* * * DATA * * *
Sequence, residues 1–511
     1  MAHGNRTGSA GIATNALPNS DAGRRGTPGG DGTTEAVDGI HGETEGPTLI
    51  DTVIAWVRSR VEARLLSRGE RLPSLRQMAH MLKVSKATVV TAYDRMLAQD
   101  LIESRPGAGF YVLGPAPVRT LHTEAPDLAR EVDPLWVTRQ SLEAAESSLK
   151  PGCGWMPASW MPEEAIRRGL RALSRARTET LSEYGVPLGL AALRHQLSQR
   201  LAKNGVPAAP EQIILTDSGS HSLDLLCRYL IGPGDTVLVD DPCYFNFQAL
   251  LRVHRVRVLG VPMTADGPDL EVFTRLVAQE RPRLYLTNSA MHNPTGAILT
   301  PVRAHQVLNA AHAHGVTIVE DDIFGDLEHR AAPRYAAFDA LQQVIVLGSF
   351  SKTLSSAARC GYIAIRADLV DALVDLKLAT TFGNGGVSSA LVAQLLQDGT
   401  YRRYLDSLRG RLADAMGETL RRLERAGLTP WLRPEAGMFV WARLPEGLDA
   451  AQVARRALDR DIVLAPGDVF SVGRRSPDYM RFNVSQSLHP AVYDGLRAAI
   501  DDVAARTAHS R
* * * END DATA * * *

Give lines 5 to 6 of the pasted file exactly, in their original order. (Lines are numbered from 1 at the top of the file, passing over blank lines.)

   151  PGCGWMPASW MPEEAIRRGL RALSRARTET LSEYGVPLGL AALRHQLSQR
   201  LAKNGVPAAP EQIILTDSGS HSLDLLCRYL IGPGDTVLVD DPCYFNFQAL